2023 E.B. Burwell, Jr., Award

Presented to Syed E. Hasan

Syed E. Hasan

Syed E. Hasan
University of Missouri-Kansas City

Awarded for: Hasan, S.E., 2022, Introduction to Waste Management: A Textbook, 1st Edition: New York, John Wiley & Sons, 464 p.


Citation by Scott Burns

I am proud to write the citation for the 2023 Burwell Award for my friend, Dr. Syed Hasan, who as written an excellent text, the Introduction to Waste Management: A Textbook.

First of all, let me tell you about Dr. Hasan! I have known him for over 30 years because of our involvement in AEG and GSA. We both have taught environmental and engineering geology. His first book on Geology and Hazardous Waste Management was a great success. He has been teaching four courses in waste management at the University of Missouri at Kansas City for that whole time. He is one of the most famous professors in this field in the United States! He knew what the students needed for the book based on all of those years of teaching. He also has worked all over the world (working in places like Qatar and Jordan) so there is a strong international flavor to the book.

I am excited that this book is an environmental book but is all about geology and its application to this industry! It is perfect for the Burwell Award! The author’s philosophy that underlies the book follows what society is doing with waste – taking a “dirty” industry and converting it to an essential service to society based on geologic principles. Sustainability is a key component of the 21st century, and the book follows this theme. The book follows a zero-waste philosophy with geology as the key.

I love the organization of the book and the topics covered. He covers the traditional topics of municipal solid waste, hazardous waste, medical waste, nuclear waste, and drugs, but he stresses waste minimization. He has added new topics like personal care products to the topics. This is a book not only for geologists, but also for environmental science majors, engineers, resource management students and people involved in sustainability. He has a very important chapter on Covid 19 and future pandemics and their relationships to waste management. He deals with the potential large volumes that are there on the horizon in the future of waste management. He has added new chapters on ship and plane recycling which is going to be a big deal in the future! I love the case histories that he has put into the book – they are so essential for applied geology!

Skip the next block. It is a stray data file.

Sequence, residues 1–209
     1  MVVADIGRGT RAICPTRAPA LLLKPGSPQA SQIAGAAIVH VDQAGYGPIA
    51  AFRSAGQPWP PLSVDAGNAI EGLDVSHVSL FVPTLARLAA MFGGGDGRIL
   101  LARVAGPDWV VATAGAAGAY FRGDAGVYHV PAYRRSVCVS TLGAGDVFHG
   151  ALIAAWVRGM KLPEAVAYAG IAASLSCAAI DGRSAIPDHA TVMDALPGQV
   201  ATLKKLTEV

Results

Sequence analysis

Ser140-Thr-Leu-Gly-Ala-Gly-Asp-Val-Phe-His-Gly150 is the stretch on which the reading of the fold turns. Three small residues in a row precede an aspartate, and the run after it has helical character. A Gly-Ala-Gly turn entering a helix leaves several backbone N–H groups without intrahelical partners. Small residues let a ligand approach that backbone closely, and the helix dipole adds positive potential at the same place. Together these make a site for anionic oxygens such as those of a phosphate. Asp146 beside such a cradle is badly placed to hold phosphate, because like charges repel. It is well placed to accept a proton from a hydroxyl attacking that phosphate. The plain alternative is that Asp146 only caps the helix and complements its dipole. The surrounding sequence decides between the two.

From the standpoint of this being a textbook, Wiley and the author have done a super job of making the book very user friendly. There are over 90 mostly color figures and over 60 tables. For the student, there are lots of learning aids like chapter summaries, study questions, web resources, and references. There is a super glossary. I love the many numerical problems too! Also, the book is available in paper and also as an e-book which students love.